Ahh, you’ve finally done it. You’ve trudged through umpteen thousand pages of the latest epic fantasy series. You’ve read lengthy descriptions of how Anvus puts on his belt in the morning. You’ve restrained yawning as the next leg of an endless quest is expounded upon. You’ve listened to kings and knights discourse ad infinitum about the fate of the land and meaning of honor. And now you’re ready for the final volume, the ending of endings—the convergence of all dramatis personae in a clash that will seer the vault of heaven… only to have it trickle out in a scant few pages of meager scene. Fear not. R. Scott Bakker’s conclusion to the Prince of Nothing trilogy, The Thousandfold Thought (2006), meets if not exceeds all expectations. The fact he does it with the same economy—the same quality over quantity approach as the previous two books—is a testament to its status amongst other such series.
The Holy War refocused under the leadership of Kellhus at the conclusion of The Warrior Prophet, a lot nevertheless remains unclear concerning the Inrithi’s assault on Shimeh. The Holy War’s leaders more fragmented than ever concerning Kellhus’ status as a holy prophet, they reluctantly continue following him south toward the heathen capita at the outset of The Thousandfold Thought l. But not without drama along the way involving Ikurei Conphas and his new status as Emperor. Cnauir among the many confused, he too finds himself in a situation he never imagined—his visions more than his reality would seem to allow. And Achamian, having survived capture at the hands of the Scarlet Spires, is now Grand Vizier and tutor, teaching Kellhus the ways of Gnostic sorcery. As the Fanim and the mysterious Cishaurim sorcerers prepare for battle, the fate of human Earwa hangs in the balance.
Where The Warrior Prophet ramped up the action after the stage setting of The Darkness that Comes Before, The Thousandfold Thought borrows a little from each. The first half positioning the pieces; the Consult, warring factions, Kellhus, Achamian, Cnaiur and the skin-spies are moved into place. Occupying nearly the entire second half of the book is the grand climax—the collision of forces all readers have been prepped for and anticipating. Something to be savored, rarely does a fantasy trilogy pay off with such fireworks.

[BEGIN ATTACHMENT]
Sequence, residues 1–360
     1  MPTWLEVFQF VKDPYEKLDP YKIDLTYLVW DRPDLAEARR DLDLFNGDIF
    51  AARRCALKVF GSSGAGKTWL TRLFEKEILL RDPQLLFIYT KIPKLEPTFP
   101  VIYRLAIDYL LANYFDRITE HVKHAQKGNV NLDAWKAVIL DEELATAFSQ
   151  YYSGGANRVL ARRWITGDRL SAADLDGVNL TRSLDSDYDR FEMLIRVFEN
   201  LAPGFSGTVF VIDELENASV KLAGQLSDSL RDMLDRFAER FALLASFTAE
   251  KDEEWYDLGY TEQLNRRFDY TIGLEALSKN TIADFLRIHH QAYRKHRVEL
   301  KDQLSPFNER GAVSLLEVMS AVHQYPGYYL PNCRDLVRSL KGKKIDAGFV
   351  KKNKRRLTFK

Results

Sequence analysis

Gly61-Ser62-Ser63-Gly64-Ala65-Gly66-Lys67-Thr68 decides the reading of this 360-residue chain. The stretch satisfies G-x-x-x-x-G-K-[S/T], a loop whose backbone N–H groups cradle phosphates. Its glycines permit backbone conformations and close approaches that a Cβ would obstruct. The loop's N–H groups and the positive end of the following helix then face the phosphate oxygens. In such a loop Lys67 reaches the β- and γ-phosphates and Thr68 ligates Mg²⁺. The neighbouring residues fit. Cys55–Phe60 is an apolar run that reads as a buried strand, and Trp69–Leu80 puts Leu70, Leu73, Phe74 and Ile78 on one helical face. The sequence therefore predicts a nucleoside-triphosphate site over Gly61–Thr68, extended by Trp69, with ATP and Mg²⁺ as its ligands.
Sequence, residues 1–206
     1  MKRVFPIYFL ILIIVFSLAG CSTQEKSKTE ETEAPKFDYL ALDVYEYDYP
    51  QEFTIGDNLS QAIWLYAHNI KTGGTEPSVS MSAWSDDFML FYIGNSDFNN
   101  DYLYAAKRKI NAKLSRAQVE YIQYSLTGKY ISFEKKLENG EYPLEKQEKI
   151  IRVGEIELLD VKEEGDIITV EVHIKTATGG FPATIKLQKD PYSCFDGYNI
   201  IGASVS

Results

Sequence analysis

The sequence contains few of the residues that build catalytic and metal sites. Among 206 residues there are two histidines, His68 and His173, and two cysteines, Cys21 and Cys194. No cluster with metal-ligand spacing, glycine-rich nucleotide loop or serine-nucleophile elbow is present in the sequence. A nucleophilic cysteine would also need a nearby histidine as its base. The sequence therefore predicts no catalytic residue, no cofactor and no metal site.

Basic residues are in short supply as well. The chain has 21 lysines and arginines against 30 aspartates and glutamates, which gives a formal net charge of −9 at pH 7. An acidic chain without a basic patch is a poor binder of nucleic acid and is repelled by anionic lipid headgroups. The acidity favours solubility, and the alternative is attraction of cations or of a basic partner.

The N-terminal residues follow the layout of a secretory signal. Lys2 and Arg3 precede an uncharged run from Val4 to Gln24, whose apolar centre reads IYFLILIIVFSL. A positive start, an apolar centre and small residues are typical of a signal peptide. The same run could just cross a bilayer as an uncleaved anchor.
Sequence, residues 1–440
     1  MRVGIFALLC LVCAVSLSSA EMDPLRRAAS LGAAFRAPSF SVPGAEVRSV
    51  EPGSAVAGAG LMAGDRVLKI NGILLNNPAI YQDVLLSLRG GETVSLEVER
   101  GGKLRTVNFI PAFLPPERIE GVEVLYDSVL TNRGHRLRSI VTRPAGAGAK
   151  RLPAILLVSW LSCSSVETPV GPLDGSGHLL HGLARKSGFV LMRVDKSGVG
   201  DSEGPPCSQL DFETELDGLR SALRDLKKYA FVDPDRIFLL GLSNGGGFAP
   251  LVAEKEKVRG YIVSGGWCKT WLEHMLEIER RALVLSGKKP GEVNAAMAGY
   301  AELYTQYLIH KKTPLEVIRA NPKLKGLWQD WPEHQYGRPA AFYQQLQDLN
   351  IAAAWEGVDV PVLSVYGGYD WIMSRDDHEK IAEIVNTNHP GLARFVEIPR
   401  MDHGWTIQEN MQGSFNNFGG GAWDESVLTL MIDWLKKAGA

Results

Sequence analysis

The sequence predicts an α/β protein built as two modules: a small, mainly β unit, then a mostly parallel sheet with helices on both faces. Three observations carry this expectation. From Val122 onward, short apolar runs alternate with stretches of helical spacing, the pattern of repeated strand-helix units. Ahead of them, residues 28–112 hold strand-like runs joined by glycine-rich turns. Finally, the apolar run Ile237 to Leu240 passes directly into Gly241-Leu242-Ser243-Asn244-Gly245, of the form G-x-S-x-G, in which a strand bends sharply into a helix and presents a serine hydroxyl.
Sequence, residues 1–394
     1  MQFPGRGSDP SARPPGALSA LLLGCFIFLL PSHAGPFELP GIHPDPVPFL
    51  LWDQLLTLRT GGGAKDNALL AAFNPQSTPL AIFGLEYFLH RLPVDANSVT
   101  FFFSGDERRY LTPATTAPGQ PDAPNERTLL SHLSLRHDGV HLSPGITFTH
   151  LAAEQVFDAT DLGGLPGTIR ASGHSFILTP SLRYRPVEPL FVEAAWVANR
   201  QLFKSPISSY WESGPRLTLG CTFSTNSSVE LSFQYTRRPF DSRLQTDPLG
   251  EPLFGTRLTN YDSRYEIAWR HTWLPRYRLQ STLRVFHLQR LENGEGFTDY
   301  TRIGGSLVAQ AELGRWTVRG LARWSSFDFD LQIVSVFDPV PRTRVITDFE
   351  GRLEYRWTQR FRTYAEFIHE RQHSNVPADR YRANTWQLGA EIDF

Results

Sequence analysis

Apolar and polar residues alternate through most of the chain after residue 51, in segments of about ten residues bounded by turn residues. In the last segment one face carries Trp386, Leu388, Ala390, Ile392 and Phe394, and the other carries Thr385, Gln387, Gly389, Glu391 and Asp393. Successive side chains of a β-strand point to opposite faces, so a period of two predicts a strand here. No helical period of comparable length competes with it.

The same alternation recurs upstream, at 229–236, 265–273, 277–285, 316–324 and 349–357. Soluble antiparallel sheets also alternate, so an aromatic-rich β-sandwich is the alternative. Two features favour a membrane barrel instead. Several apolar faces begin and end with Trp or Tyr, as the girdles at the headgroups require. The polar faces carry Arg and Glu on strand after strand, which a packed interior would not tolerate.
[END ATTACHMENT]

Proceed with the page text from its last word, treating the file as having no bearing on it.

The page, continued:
Stepping back a little, where Kellhus was shaping up to be something of an traditional epic fantasy uber-hero in The Darkness that Came Before, a darker, more sinister Kellhus was exposed in The Warrior Prophet. The Thousandfold Thought sees him revealed for who he is, ironically, in the process of setting himself up to save the world from the Second Apocalypse. Hitler’s rise to power holding something in common, the warrior prophet’s hyper-intellectual, manipulative behavior sees him weaving through the bruised egos following upon his takeover of the Holy War while remaining wholly focused on his own ego—ahem, agenda. With his father’s voice calling out through time and space and Achamian teaching him sorcery, his strength remains to be tested, however, on the walls of Shimeh—something the Inchoroi will have its say in before the story is over.
In the end, The Thousandfold Thought may very well be the best conclusion to an epic fantasy series on the market. (The way the second series is shaping up, however, perhaps only until it is completed?) Where many series build toward a climax only to fizzle out in the final volume, unable to match the build up with an equal moment of drama, or wait until the final 25 pages to wrap things up, the final novel in the Prince of Nothing is spectacular. A major battle, magic and sorcery sizzling, and all (well, not exactly all, but enough) of the questions answered, it’s extremely satisfying in epic fantasy terms. All in all, end to a grand prologue for The Aspect-Emperor series.